http://arstechnica.com/web/news/2009/01 ... sitive.arsThe Dutch Ministry of Economic Affairs commissioned a study by research company TNO about how much Dutch Internet users download music, movies, and games, and what the social and economic effects of this downloading are. This resulted in a nearly 150-page report (Dutch) with many tables of percentages in it. The report differentiates between paid and unpaid downloads and talks about file sharing, eschewing the word "illegal." In the Netherlands, only uploading copyrighted music and movies is against the law. "Unpaid downloads" include officially licensed promotional content.
"Of the Dutch Internet population, 2.3 percent paid for music, movie, or game downloads in the past 12 months," according to the report. But then a table on the next page shows that 6.5 percent of the users have made purchases from iTunes and 2.9 percent have bought digital music from Amazon.com. So apparently many of them tried going legal, but didn't make a habit of it. (Amazon only sells MP3 downloads in the United States.)
According to the report, an estimated 1.5 billion to 2 billion songs are downloaded unpaid each year, which would be 7.5 songs for every song sold (as a download or on CD). This is much more than what people actually listen to. Thirty-five percent of the Dutch population has downloaded music without paying for it, according to the study. Curiously, freeloaders consume paid content in the same amounts as nondownloaders—for games, freeloaders even buy more than non-downloaders.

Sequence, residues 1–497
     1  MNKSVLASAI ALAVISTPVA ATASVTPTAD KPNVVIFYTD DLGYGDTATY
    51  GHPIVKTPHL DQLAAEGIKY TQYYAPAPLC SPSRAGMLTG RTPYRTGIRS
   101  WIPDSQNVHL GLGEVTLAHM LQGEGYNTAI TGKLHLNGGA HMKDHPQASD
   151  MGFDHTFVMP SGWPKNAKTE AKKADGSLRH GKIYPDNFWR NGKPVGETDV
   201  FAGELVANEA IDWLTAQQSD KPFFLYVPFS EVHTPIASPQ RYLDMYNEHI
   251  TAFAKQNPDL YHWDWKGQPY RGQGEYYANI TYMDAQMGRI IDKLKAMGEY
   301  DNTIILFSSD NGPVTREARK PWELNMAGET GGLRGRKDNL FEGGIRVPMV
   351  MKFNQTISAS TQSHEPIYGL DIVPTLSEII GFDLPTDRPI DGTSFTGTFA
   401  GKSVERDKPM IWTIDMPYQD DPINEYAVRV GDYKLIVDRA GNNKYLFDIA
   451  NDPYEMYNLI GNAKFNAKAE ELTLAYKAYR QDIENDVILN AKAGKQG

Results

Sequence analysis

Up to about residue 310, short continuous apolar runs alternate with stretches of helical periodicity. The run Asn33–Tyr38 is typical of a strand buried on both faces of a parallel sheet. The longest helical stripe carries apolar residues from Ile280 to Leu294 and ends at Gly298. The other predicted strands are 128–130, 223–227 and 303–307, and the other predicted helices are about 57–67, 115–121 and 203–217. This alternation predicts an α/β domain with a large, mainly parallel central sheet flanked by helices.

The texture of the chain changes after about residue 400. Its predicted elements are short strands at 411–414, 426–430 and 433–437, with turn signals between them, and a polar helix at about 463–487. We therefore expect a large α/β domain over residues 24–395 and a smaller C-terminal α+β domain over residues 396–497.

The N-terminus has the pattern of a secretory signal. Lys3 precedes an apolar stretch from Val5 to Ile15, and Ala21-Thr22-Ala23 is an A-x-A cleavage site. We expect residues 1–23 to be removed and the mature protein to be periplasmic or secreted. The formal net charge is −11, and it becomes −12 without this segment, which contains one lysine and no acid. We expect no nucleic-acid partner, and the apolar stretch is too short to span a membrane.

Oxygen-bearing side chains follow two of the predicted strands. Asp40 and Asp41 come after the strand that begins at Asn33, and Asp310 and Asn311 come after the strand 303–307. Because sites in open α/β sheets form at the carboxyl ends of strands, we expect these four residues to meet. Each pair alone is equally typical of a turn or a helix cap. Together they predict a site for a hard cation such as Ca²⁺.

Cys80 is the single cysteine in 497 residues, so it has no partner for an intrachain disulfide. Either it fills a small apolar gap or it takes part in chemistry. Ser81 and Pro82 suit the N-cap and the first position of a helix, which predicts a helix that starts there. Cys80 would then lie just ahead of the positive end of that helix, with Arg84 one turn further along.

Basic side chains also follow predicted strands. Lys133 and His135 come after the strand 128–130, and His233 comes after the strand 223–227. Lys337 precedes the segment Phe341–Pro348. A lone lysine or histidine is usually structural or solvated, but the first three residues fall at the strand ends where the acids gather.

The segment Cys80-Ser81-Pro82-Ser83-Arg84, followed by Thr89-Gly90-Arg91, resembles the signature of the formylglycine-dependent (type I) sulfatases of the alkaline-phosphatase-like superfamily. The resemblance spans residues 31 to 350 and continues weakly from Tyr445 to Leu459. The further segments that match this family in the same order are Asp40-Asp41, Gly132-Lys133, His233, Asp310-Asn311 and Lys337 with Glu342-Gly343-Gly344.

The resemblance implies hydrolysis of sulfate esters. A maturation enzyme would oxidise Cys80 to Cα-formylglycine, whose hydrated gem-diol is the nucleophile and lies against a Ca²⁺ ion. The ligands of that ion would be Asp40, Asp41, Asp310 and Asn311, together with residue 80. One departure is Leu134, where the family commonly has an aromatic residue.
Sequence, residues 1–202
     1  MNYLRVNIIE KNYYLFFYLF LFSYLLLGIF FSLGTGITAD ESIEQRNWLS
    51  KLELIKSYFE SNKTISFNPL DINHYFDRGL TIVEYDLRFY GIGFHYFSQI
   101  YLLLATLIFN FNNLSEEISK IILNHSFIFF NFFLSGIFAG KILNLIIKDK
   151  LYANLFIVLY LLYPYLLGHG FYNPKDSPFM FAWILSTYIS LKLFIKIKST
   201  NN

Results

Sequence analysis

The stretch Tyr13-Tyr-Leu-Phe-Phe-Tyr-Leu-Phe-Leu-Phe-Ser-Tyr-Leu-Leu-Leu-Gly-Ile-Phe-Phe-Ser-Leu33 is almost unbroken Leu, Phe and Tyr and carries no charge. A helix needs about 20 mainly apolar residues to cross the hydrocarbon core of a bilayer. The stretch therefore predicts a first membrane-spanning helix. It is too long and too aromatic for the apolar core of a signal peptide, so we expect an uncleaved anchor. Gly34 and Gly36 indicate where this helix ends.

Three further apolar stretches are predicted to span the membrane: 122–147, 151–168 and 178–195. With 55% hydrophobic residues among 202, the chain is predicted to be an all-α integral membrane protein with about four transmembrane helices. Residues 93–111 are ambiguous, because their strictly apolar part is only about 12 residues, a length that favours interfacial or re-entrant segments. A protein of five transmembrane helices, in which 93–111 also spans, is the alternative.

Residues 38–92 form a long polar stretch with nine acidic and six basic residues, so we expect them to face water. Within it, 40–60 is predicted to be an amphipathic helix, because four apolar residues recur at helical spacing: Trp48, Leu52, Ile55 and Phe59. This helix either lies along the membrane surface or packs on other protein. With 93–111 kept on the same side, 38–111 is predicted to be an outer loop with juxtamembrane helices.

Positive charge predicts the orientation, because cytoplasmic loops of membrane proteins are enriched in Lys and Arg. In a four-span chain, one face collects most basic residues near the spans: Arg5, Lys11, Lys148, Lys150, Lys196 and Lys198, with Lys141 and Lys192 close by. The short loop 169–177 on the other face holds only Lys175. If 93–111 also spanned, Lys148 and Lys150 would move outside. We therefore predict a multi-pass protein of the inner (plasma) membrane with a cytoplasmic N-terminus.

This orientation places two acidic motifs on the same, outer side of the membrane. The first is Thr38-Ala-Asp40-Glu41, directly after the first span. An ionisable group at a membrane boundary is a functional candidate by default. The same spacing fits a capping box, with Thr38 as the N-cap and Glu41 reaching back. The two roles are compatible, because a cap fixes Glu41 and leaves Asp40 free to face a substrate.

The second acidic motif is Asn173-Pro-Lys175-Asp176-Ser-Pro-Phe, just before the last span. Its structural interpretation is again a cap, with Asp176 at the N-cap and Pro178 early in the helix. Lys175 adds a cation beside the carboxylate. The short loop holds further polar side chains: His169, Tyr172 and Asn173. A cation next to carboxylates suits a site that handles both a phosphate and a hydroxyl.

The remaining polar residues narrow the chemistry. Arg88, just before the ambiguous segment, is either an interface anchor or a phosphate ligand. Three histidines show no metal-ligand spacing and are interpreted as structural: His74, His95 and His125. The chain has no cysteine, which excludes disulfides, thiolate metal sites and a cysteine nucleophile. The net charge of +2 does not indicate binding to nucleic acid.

The report recognizes that for music, there is an important "sampling" effect where unpaid downloads are used to sample music, some of which is subsequently bought. However, this doesn't work as well for movies, because those tend to be viewed just once, so even if the unpaid downloader liked the movie, he'll be unlikely to buy it because he won't want to see it again. On the other hand, the rates for buying content that was previously downloaded without authorization are rather low: the majority only do this a few times a year, in equal amounts for music, movies, and games.
Things get really interesting on page 116 as the report starts to dissect the societal effects of file sharing. The study concludes that the effects are strongly positive because consumers get to enjoy desirable content and also get to keep their cash to buy other things. Because the consumers save much more money than the producers lose, the net economic effects are positive. The report also reinforces the truth that unpaid downloads do not translate into lost sales in anything close to a one-to-one ratio.
The report makes a number of recommendations that file sharers will be able to live with, such as supporting the development of new economic models for rights holders, not criminalizing file sharing for personal use, and so on.
Big Content is likely to quibble with some of the report's conclusions, especially the ones about the economic effects. The music industry especially has laid the blame for the years-long decline in revenues at the feet of piracy, even though its own slowness to adapt to changing customer expectations and adopt new business in response is a major factor.
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